Clean or contaminated cannabis…
1996, the year that brought about the legalization of medical cannabis for the first time, in
California. Proposition 215, the Compassionate Use Act, opened a new door in the medical field for the treatment of patients suffering from life-changing illnesses such as cancer. Cannabis became a natural alternative to prescription medications, most of which, are likely to cause side-effects that mirror those which patients are seeking to relieve, or worse. Nausea, chronic pain, and loss of appetite, for some, are completely resolved by the use of medical cannabis. Though it improves the quality of patients lives, the cost at which the relief comes has yet to be discerned.
Essential and ravaging, curiosity wonders if the stakes are too high. Cannabis, whether for
recreational or medicinal use, should have quality standards and be consistent in its quality. Since being legalized for recreational use in California, cannabis has continued to forgo scientific testing. Federal regulations stand firm in outlawing the plant, making it difficult to secure funding and a space in which research can be conducted.
Physicians at UC Davis, in private facilities and with separate funding, took a more detailed
look at what patients are ingesting and inhaling when they utilize cannabis for their symptoms. Sampling from multiple dispensaries in the northern California area George Thompson III, associate professor of clinical medicine at UC Davis, noted the possible consequences of contaminated cannabis “Patients with impaired immune systems are routinely advised to avoid exposure to plants and certain raw foods because of the risk of infection from soil-dwelling organisms.” Researchers involved with the study found 20 different samples contaminated by the presence of bacteria and microorganisms including aspergillus fungi, cryptococcus, and klebsiella pneumoniae.
The risks of these bacteria and fungi go up when there is less control in the environment in
which the plant is being grown. You can control the temperature of any given room, the amount of light that enters, and even the humidity.. but none of us can control whether or not bugs or birds leave their mark in your back yard. If you do happen to use pesticides, if they are not properly flushed from your soil before harvesting, you run the risk of contaminating your plants with chemicals that when inhaled can be extremely dangerous. In a separate study done by Steep Hill Labs of Berkeley in 2016, it was found that 70% of their cannabis samples purchased from dispensaries were contaminated with pesticide residues. According to Reggie Gaudino, the vice president of scientific operations at the Steep Hill firm, about one third of their samples would have failed Oregon State pesticide regulations.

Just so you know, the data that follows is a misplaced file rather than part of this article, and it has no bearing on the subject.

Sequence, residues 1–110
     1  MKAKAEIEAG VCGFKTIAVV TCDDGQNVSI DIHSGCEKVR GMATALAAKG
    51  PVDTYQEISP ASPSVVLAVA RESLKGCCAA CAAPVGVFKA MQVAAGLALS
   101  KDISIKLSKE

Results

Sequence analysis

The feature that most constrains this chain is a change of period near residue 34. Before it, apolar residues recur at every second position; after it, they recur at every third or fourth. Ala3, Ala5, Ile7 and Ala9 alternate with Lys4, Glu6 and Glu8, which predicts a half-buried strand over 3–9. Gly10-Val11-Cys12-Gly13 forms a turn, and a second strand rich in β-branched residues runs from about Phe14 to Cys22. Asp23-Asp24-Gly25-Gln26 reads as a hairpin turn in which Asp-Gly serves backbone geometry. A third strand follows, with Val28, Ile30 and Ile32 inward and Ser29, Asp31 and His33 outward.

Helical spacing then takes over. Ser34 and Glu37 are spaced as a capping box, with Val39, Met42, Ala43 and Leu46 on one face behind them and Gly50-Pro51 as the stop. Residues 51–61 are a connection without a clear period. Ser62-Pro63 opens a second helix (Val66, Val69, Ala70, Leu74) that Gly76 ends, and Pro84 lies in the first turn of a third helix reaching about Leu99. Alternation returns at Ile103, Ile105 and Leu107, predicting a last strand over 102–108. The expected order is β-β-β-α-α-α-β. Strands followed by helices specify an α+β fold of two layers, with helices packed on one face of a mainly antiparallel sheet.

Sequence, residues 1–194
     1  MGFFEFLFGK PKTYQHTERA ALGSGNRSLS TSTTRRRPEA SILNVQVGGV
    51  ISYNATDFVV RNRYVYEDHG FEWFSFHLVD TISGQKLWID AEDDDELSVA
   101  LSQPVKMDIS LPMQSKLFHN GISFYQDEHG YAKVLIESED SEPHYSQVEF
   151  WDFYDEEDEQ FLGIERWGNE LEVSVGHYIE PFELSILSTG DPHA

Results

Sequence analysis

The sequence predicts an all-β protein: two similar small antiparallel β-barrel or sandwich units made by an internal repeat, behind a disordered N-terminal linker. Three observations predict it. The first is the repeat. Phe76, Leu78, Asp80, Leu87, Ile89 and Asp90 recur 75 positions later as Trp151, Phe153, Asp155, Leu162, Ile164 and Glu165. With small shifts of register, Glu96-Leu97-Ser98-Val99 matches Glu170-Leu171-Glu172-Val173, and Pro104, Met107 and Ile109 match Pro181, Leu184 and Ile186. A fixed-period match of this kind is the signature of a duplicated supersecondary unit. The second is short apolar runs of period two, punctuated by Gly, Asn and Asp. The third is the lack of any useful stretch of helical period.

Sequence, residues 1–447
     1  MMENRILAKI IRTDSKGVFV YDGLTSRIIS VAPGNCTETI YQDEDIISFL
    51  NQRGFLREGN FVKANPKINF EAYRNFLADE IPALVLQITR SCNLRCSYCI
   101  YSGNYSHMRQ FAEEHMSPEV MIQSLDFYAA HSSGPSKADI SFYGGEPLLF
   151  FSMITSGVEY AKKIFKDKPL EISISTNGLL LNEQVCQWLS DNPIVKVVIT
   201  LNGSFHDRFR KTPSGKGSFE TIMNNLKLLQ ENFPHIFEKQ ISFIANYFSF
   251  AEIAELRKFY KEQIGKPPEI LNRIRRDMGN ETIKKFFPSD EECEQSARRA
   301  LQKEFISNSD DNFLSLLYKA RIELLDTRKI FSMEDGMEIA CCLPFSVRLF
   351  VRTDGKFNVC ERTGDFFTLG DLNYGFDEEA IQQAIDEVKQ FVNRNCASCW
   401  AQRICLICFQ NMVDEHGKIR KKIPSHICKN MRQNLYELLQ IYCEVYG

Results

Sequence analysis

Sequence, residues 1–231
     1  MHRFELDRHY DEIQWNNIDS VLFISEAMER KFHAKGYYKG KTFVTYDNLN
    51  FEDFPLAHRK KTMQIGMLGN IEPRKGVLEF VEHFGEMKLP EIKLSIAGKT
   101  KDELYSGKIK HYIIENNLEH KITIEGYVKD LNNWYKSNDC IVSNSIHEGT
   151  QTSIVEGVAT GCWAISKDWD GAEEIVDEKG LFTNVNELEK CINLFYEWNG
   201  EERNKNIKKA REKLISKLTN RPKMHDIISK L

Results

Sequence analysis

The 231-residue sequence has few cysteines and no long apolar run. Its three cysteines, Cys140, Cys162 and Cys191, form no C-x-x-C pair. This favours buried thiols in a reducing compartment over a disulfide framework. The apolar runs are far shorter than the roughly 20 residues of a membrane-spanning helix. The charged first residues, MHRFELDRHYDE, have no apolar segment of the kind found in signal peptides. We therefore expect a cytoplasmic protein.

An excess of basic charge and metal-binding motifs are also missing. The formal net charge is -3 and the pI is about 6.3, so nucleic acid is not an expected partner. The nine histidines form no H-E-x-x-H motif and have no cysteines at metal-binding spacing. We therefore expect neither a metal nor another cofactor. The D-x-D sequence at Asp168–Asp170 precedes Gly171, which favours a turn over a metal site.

Contaminated cannabis not only occurs through to coming into contact with the elements or mishandling. Intentional contamination from human hands is also a rampant issue in areas where cannabis is less regulated and/or still illegal on the state level as well as federal. Findings have shown cannabis sprayed with sugar or sand to make it appear higher quality and increase the weight of the product. Some will spray the plant with perfumes or even diesel fuel in order to attain the much sought after “skunky” smell. These types of contaminated cannabis are often referred to as “grit weed”, which is any kind of cannabis that has been laced with a foreign substance in order to make it appear as a higher quality. These contaminants often leave the plant with a sandy texture that when rubbed against
glass or disk will scratch, creating an easy way for patients as well as recreational users to test for anything that shouldn’t be there.
Testing for contamination is going to be difficult unless you are a professional with access to some expensive equipment. There are a few start ups however, providing simple at home tests to give you a better idea the quality of the products you’ve purchased or are going to purchase. If you’ve got a magnifying glass lying around you can use that to take a closer look at your buds and try to notice an abnormally large crystals not consistent with the rest of the plant. Feel the cannabis between your fingers and see if it feels grainy or chalky in texture. Or, as mentioned previously, you can take your bud, rub it against some glass, and listen for scratching noises. These tests can help patients to determine whether or not they have a good product.
Aside from asking the dispensaries you frequent for testing paperwork on their different strains, there are not many other ways easily available to test cannabis at home. Patients with compromised immune systems are encourage to try eating the cannabis in baked edible form. There are no scientific studies to back the notion, but there are arguments that any bacteria resulting from contaminants would be baked out due to the prolonged high temperature. Whichever way you chose to relive your symptoms or enjoy your free time, staying informed will help you find the highest quality product for your exact needs. It is important to note that not all cannabis is going to be contaminated,
but being knowledgeable about your drug of choice never hurts.
Originally posted 2017-10-20 16:20:08.